Majano Anemone

The Dreaded Majano Anemone

The majano anemone presents somewhat of a paradox. Many owners of saltwater aquariums want to kill them off at all costs, yet there are others who would like to purchase one or more if they can find them for sale. The majano anemone has been described as "cute" and also as "terrible". It is in truth a rather attractive small anemone, having fluorescent green tentacles, and in an aquarium where there is not an abundance of nutrients, it may be kept under control. If the environment is rich in nutrients however, you can soon expect a tank full of these anemones. Probably not your goal as a saltwater aquarium keeper.

The Majano Problem - The problem the majano anemone presents is that while by itself it appears to be a rather docile creature, minding its own business, it has a disturbing tendency to divide and conquer. In other words it is extremely invasive. One can have an attractive saltwater aquarium, complete with a coral reef and a majano anemone or two, and before long, everything is covered with the anemone. So, it's little wonder that it is an undesirable creature to have. Not only undesirable, but in the view of many, very difficult to bring under control or get rid of.

Find Something That Eats Them - One can attempt with some success to scrape them off, especially if they are attached to rocks. Or, if only one rock is affected, you could simply remove it from the aquarium and throw it, and the attached anemone, away. It’s usually not that simple though, and one usually has to end up killing the anemone or finding something that will do the job for you. There are a number of creatures you can put in the aquarium that will eat the majano anemone. One has to be careful though, as some of these little helpers will eat other things as well, residents of your aquarium that you would rather not see eaten. Raccoon butterflies and tasseled filefish will feast upon majano's, but even here, one doesn't know for certain what else they might eat. After all they have to eat something. They must be somewhat safe to use however, or they wouldn't be recommended as a solution to the majano problem.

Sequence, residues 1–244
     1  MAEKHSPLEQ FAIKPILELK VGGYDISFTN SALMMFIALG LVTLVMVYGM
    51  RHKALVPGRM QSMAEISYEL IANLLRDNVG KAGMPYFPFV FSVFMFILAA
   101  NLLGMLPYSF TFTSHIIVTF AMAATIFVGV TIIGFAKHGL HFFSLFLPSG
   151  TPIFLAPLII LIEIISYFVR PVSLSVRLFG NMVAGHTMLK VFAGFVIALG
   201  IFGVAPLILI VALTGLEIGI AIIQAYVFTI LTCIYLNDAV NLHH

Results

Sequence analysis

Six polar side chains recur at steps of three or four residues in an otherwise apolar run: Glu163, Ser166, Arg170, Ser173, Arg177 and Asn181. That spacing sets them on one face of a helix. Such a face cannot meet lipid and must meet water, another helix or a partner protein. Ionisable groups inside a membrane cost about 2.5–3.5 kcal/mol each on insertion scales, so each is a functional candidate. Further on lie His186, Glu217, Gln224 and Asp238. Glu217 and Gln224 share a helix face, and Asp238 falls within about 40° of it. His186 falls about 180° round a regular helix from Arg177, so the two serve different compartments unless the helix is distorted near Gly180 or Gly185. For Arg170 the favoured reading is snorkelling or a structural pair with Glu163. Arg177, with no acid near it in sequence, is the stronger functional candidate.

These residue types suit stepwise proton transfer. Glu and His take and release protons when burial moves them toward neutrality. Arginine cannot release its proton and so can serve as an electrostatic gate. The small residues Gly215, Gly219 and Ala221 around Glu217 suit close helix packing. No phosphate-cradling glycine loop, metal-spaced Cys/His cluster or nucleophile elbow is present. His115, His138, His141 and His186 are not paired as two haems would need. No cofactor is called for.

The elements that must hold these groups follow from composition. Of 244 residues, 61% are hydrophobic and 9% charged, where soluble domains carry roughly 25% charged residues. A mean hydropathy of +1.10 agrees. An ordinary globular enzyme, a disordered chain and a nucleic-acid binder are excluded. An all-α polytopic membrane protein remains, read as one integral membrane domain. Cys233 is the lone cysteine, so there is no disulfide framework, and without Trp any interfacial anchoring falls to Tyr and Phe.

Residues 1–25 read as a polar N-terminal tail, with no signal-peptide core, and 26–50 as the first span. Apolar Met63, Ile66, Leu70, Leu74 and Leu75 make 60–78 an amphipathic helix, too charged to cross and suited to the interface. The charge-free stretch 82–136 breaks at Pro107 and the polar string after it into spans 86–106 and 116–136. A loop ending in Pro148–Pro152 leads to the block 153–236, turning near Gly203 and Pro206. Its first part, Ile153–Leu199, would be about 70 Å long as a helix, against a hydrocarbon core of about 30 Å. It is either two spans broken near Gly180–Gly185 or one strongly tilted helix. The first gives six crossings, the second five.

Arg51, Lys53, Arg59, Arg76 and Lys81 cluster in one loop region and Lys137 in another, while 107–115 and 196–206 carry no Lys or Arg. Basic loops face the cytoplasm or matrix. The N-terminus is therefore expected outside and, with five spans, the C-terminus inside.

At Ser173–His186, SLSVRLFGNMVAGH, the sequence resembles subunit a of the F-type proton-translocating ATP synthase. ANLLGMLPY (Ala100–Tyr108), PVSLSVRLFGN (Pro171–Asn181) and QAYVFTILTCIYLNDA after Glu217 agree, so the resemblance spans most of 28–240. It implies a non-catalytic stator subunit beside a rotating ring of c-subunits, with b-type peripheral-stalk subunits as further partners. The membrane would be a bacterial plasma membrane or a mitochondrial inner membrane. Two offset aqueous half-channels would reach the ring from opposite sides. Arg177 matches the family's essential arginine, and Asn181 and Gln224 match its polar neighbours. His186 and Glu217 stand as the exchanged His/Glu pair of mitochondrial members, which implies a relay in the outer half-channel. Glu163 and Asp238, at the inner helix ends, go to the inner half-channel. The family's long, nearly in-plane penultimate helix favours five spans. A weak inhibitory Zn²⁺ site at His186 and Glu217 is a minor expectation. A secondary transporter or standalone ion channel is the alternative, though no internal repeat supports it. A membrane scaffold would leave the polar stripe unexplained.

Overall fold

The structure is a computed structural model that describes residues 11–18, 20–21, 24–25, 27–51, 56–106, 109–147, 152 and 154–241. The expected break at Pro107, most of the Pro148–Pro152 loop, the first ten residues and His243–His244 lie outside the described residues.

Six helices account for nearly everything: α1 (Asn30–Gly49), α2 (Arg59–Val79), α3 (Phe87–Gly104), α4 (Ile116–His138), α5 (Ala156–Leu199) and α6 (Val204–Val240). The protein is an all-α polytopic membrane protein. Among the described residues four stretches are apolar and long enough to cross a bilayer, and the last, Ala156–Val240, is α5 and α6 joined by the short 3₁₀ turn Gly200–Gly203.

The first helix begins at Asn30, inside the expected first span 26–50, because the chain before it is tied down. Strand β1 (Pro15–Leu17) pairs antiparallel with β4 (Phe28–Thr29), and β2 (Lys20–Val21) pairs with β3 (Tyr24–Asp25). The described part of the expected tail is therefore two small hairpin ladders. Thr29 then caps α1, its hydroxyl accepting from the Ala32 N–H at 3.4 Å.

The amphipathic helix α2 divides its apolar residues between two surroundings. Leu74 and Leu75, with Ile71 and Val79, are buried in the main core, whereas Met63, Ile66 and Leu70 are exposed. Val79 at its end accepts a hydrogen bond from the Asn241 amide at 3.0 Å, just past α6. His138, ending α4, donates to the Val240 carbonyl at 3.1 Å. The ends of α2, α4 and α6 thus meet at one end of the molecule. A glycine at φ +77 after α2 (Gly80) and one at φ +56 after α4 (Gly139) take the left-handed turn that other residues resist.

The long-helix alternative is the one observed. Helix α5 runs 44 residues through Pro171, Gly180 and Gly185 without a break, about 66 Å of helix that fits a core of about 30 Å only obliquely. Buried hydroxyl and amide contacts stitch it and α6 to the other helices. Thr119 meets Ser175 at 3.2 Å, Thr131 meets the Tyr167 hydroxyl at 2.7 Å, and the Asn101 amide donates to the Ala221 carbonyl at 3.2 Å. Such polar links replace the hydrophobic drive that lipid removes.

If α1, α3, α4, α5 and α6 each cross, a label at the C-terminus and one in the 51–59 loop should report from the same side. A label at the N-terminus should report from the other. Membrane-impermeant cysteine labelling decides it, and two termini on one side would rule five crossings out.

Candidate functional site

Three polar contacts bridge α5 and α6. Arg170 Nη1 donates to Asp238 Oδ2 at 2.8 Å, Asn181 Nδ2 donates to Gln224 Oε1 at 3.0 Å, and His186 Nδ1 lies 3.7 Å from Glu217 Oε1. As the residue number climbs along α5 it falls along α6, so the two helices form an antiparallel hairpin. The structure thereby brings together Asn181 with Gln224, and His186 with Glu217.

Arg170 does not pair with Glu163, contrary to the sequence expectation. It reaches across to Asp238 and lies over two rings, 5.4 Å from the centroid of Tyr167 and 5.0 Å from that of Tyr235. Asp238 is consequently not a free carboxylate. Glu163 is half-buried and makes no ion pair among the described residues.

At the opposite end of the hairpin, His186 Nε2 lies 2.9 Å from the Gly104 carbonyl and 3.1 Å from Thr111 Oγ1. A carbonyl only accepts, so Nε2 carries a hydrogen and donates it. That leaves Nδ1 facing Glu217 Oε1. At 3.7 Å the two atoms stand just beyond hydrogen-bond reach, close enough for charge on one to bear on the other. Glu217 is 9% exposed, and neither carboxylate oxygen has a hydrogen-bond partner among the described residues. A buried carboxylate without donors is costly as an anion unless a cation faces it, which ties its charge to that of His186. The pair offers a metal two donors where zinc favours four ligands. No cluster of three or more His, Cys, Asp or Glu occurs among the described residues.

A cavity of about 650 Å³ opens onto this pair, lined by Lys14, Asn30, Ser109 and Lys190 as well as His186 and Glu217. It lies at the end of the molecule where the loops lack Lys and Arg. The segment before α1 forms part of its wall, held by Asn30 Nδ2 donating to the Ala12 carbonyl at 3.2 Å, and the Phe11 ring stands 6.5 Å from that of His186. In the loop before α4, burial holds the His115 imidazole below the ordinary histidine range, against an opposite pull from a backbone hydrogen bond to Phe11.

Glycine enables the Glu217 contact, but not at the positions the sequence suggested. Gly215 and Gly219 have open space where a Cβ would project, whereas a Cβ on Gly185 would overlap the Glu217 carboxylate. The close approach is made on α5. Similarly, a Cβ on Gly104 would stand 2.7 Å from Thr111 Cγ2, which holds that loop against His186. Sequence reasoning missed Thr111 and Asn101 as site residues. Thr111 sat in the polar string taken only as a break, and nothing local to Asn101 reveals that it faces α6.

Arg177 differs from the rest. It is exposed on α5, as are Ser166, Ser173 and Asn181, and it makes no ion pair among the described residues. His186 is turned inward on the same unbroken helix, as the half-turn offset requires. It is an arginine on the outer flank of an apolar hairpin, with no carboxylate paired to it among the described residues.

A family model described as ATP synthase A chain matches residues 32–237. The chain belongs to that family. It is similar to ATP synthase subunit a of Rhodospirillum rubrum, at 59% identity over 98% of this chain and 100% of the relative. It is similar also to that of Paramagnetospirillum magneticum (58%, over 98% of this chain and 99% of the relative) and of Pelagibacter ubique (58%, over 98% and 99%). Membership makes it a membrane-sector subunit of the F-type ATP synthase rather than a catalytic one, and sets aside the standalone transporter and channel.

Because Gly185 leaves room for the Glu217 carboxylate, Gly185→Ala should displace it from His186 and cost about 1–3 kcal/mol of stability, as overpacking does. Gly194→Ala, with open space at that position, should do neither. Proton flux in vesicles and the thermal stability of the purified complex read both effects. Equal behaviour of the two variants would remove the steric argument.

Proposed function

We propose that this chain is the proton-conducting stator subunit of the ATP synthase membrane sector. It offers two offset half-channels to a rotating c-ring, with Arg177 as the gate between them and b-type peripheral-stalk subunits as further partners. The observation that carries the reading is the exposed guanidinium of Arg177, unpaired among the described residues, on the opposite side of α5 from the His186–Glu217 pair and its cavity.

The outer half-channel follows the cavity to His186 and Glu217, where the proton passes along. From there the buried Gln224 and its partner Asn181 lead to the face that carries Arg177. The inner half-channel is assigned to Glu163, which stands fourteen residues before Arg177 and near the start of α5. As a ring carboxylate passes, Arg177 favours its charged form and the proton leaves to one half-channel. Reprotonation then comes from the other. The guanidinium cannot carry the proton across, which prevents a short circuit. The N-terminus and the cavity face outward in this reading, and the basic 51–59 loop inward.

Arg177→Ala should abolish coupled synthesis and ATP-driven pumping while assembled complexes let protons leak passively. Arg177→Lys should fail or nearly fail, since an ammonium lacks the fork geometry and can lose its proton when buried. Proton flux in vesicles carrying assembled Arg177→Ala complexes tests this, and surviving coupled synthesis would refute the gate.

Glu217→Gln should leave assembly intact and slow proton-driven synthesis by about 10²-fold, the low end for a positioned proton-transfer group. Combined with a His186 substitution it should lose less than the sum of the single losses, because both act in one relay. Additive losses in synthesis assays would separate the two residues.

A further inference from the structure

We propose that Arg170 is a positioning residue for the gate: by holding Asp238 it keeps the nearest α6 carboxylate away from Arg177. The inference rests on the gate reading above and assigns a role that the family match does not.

Forceps - One can also try removing the majano mechanically, that is with forceps. This might be the best approach of you have only a few to contend with, but can be an overwhelming task if you've let the situation get out of control and have dozens, if not hundreds, of the 'cute' little fellows to deal with. The majano attaches itself to any surface with a thick leathery foot or pad, and the task before you will be to pry this foot off and not leave any part of it behind in the process. Leave a piece of majano behind, and eventually you will have a new majano in your tank! But in any event mechanical removal is one approach.

Kalk Juice - If you can manage to kill the majano anemone while it is in the tank you don't necessarily have to remove it, although if they are numerous you may want to in the interests of keeping the water clean. Leaving a few dead ones in a large tank isn't going to hurt anything. Other denizens of the tank will probably eat the remains without coming to any harm. We're not talking about a potent poison here that's going to kill off every living thing in the tank, just a substance that the majano anemone can't tolerate. One such substance is kalk juice, which is simply a paste that you put in a syringe and inject or "feed" the anemone, killing it. Kalk juice appears to be about the most effective method around, at least according to those who have tried it.

Joes Juice - Another majano killer is a commercial product called Joes Juice. While there have been a few users who say it is not terribly effective, at least not as effective as is kalk juice, the overwhelming majority of users says it works and works fast. Like kalk juice, Joe’s juice is injected into the anemone with a syringe. Again, whether you wish to leave the remains in the tank or not is something for you to decide.

If you really like the looks of these little creatures, you still should eliminate them from the main aquarium, but may want to keep a  few in a smaller aquarium, where they can be kept under control by controlling the amount of nutrients available.